In spite of this nation’s numerous military misadventures and its corrupt military establishment, many Americans still have an uncritical admiration for this country’s generals — men whose stainless uniforms and steely faces seem to be an outward representation of their trustworthiness and moral stature.Who better to speak in defense of Israel, than a good Christian soldier like retired General James T Conway, former commander of the United States Marine Corps?
Propaganda, which is nothing more than a form of political advertising, works by engaging its target audience emotionally while circumventing any kind of analytical process. It trades in ideas whose truth should seem so obvious that we will accept them without thought. And the easiest way of making an idea seem true is through endless repetition.
The Israeli government and those inside and outside Israel who operate in its service, have settled on two messages — on human shields and tunnels — through which they want to demonize Hamas and cover up war crimes committed by the Israeli Defense Forces.
In “The Moral Chasm Between Israel and Hamas,” an op-ed for the Wall Street Journal, this is how Conway regurgitates Israel’s message about human shields:
Israel’s military exists to protect its civilian population and seeks to avoid harming noncombatants, while its adversary cynically uses Palestinian civilians as human shields while deliberately targeting Israeli civilians.
Conway describes the Hamas tunnels, of which Israel is reported to have discovered about 30, as having been “designed for launching murder and kidnapping raids.”
Let’s first consider the claim that Hamas uses human shields, since this has become Israel’s favorite explanation for why the IDF has killed hundreds of Palestinian civilians.
The human shield, as a concept, is a mainstay of American movie and TV drama. We all know how it works.
The bad guys hold women and children at gunpoint and the good guys hold fire because they don’t want to kill the innocents.
It’s an expression of the moral depravity and cowardice of evil men who know how to exploit the good intentions of righteous men. (It’s also a narrative in which the heroes and villains are all men and the powerless women can do no more than hope they fall into the right arms.)
So how does this work in Gaza. The evil Hamas fighters hide behind the women and children and then the Israelis kill the women and children.
Wait a minute! That’s not how it’s supposed to work. What’s the point of holding a human shield if your adversary has little interest in protecting the life of that supposed “shield”?
This gets to the nub of the issue: the only kind of human shield worth holding is one whose life is valued by your adversary.
The Israelis understand this. That’s why, as has been well documented, they have been seen using Palestinians as human shields.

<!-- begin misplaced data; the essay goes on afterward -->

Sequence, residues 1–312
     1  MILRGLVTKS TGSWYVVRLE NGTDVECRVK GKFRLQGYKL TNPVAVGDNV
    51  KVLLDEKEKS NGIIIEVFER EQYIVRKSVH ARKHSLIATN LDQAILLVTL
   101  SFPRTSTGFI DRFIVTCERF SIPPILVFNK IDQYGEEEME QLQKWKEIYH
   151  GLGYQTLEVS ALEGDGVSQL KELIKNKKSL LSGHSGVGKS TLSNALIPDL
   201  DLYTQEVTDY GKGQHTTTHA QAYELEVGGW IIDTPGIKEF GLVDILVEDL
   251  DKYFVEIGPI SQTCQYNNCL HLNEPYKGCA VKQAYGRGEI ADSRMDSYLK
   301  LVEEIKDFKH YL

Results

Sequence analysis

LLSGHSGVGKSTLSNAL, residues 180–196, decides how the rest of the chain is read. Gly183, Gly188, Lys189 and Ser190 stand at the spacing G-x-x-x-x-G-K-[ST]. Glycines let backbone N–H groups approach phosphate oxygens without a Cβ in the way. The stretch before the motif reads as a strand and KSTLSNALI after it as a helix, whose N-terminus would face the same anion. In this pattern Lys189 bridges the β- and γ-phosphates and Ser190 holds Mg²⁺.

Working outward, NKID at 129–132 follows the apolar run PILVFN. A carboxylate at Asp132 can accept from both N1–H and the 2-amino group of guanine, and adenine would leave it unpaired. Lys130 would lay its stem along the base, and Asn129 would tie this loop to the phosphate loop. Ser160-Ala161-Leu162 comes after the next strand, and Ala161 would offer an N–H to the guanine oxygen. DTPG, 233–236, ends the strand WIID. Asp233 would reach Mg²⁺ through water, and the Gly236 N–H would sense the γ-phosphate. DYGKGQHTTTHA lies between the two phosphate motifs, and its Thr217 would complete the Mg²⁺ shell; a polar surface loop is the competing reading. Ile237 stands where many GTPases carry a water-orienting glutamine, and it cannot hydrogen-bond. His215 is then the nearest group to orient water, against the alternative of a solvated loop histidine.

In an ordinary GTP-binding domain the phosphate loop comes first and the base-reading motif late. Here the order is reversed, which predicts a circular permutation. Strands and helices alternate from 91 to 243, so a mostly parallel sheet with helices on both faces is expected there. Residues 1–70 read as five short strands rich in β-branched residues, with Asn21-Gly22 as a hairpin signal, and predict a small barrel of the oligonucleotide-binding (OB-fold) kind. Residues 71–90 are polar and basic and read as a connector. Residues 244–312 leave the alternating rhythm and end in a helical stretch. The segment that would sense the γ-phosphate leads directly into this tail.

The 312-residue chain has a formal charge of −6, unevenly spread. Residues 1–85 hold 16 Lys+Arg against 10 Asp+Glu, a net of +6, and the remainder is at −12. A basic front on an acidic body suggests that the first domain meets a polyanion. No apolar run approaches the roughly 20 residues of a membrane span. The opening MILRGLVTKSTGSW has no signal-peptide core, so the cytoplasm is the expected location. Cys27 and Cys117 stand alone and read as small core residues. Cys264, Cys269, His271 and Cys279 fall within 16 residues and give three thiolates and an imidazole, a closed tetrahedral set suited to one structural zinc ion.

The closest Hamas can come to making forcible use of human shields is by taking prisoners. Which brings us to the tunnels.
The tunnel is the perfect abode of the bogeyman. It has iconic power in the representation of an invisible evil force — a force which emerges out of darkness and might spring up from anywhere. No wonder Israel’s propagandists believe they can use the “terrorist-tunnel threat” to their advantage.
There’s no question that militants in Gaza have constructed tunnels under the fortified perimeter which surrounds the open-air prison of the Gaza Strip. We can also surmise that these have not been constructed to provide “escape” routes to Israel.
What we can deduce is that far more time and effort has been invested in the construction of these tunnels than in their use. Moreover, if or when any of these tunnels gets put into service there is a high probability that the IDF will quickly thereafter discover the tunnel’s location and just as quickly destroy it.
The implication, therefore, is that these tunnels have been constructed as part of a defensive infrastructure to only be used at a time of necessity. That inference is further reinforced by the fact that extended periods of calm during which ceasefires have been in effect, have not been interrupted by the Palestinians going on the offensive and trying to capture Israeli soldiers in the vicinity of the fence.
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I don’t actually know whether General Conway is a Christian soldier. He could believe in the non-dual philosophy of Advaita Vedanta. He could be a Sufi, or he might be an initiate of the Kabbalah.
What I do know is that when Conway left the Pentagon, like so many of his other colleagues, he passed through the revolving door that leads straight into the defense industry. There he became a director of Textron, a corporation one of whose subsidiaries, AAI, manufactures drones used by Israel.
I have little doubt that when sales reps for AAI tout the effectiveness of their products, they proudly point out how they have been “battlefield tested” by the IDF.
In other words, to be absolutely blunt, when General Conway takes to the pages of the Wall Street Journal to offer lessons on the morality of Israel’s current war on Gaza, I have little doubt that this is a war from which Conway is personally profiting — and therein, I would suggest, lies the real morality tale.